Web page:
Systems Biology and Experimental Model Systems of Cancer

Yalcin G. D. , Danisik N., Baygin R. C. , Acar A.

JOURNAL OF PERSONALIZED MEDICINE, vol.10, no.4, pp.1-12, 2020 (Peer-Reviewed Journal) identifier identifier identifier

  • Publication Type: Article / Review
  • Volume: 10 Issue: 4
  • Publication Date: 2020
  • Doi Number: 10.3390/jpm10040180
  • Journal Indexes: Science Citation Index Expanded, Scopus, Academic Search Premier, EMBASE, Directory of Open Access Journals
  • Page Numbers: pp.1-12
  • Keywords: cancer systems biology, experimental model systems, next-generation sequencing, single-cell sequencing, patient-derived xenografts, patient-derived organoids, PATIENT-DERIVED ORGANOIDS, TUMOR EVOLUTION, CELL-CULTURE, PRECISION MEDICINE, DATABASE, GENOME, HETEROGENEITY, THERAPY, ACTIVATION, LANDSCAPE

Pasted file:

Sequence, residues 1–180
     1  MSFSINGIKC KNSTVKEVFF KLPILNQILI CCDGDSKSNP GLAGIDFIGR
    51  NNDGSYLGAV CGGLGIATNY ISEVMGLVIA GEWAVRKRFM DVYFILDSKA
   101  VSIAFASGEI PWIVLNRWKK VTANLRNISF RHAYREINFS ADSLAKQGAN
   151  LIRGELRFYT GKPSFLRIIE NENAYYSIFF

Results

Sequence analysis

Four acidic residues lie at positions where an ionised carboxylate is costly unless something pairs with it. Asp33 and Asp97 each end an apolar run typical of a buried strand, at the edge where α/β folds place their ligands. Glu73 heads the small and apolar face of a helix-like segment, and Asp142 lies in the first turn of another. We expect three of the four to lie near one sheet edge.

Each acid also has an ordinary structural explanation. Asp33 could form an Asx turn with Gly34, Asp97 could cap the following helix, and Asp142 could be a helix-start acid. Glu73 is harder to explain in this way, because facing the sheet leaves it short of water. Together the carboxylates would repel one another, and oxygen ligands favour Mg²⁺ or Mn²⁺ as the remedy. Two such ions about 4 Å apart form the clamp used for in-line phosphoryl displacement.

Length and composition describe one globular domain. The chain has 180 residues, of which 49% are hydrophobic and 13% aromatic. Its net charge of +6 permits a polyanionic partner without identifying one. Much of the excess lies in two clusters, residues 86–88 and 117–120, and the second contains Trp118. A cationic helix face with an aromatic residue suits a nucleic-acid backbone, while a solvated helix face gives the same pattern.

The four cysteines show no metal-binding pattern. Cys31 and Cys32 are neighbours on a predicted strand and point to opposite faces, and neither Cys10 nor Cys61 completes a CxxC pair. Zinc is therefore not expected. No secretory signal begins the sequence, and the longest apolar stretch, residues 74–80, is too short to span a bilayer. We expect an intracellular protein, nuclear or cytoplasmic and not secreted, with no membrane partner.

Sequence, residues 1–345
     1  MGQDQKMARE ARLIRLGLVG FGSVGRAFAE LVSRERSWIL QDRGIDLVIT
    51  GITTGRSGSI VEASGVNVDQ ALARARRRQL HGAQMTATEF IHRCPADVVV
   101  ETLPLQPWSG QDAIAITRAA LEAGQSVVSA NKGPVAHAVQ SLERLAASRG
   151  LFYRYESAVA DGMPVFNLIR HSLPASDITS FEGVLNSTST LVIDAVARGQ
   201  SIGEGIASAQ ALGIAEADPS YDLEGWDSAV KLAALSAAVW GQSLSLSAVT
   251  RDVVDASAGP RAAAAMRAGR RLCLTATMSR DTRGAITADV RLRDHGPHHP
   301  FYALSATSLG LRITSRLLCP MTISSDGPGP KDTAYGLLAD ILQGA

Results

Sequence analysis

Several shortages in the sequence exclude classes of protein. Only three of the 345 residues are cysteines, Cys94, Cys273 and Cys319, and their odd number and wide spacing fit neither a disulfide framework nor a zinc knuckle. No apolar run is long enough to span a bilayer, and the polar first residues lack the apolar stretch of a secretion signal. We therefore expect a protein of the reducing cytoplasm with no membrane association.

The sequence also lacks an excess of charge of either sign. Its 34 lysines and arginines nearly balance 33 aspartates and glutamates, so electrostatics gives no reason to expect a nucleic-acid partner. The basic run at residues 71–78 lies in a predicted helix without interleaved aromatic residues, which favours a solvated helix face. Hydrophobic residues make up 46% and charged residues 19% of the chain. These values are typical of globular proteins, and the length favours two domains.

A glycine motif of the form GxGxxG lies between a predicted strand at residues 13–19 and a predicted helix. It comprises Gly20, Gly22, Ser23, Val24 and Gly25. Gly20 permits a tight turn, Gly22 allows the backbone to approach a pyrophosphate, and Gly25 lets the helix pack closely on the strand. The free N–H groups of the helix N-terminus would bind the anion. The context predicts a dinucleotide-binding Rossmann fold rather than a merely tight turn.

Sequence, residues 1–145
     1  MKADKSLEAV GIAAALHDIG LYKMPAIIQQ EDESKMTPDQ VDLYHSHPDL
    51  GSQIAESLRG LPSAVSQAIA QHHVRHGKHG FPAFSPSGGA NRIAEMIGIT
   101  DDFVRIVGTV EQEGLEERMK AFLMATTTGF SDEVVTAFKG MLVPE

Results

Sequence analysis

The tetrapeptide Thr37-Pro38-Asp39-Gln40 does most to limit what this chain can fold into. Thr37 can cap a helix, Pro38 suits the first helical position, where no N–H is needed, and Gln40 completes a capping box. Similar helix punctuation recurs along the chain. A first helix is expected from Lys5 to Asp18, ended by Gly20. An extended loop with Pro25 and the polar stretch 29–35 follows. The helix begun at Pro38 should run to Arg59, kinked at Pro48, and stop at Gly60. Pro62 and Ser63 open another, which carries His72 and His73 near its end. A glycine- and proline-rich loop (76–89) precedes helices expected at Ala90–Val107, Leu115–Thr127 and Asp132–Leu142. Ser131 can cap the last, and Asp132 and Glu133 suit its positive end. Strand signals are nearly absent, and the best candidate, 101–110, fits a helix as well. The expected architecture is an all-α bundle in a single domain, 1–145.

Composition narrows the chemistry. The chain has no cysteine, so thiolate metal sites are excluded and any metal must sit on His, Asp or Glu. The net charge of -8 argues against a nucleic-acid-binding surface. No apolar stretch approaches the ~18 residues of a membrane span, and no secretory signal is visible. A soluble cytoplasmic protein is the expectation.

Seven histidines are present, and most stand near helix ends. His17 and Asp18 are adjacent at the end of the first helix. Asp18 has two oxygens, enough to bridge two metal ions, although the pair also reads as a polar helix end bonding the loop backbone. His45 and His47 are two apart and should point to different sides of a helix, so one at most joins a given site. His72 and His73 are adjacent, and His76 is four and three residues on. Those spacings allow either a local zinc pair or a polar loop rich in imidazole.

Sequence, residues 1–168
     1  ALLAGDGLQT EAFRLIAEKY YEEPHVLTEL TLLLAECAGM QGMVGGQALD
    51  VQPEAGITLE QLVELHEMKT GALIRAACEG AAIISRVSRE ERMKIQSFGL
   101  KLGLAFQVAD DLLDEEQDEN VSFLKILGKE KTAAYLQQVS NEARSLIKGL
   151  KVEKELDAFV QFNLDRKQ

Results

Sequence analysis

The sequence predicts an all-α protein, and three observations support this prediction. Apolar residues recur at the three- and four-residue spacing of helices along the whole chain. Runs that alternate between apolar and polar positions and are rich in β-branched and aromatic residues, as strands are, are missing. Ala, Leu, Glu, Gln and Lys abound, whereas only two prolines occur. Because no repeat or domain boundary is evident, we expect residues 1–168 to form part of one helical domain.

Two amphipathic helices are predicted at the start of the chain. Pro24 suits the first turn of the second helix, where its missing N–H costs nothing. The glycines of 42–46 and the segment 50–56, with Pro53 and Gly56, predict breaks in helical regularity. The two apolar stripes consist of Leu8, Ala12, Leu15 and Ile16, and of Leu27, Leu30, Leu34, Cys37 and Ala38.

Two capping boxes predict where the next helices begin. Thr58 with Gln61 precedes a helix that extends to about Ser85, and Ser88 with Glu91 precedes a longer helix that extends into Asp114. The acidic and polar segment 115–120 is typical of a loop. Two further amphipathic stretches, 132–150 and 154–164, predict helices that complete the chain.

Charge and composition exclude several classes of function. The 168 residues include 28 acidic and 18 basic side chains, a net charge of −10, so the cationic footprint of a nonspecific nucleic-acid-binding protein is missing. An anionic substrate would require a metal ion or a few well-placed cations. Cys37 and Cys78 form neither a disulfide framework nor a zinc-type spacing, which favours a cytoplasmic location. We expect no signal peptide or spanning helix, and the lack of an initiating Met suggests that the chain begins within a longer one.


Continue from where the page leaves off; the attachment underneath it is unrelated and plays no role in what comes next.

Over the past decade, we have witnessed an increasing number of large-scale studies that have provided multi-omics data by high-throughput sequencing approaches. This has particularly helped with identifying key (epi)genetic alterations in cancers. Importantly, aberrations that lead to the activation of signaling networks through the disruption of normal cellular homeostasis is seen both in cancer cells and also in the neighboring tumor microenvironment. Cancer systems biology approaches have enabled the efficient integration of experimental data with computational algorithms and the implementation of actionable targeted therapies, as the exceptions, for the treatment of cancer. Comprehensive multi-omics data obtained through the sequencing of tumor samples and experimental model systems will be important in implementing novel cancer systems biology approaches and increasing their efficacy for tailoring novel personalized treatment modalities in cancer. In this review, we discuss emerging cancer systems biology approaches based on multi-omics data derived from bulk and single-cell genomics studies in addition to existing experimental model systems that play a critical role in understanding (epi)genetic heterogeneity and therapy resistance in cancer.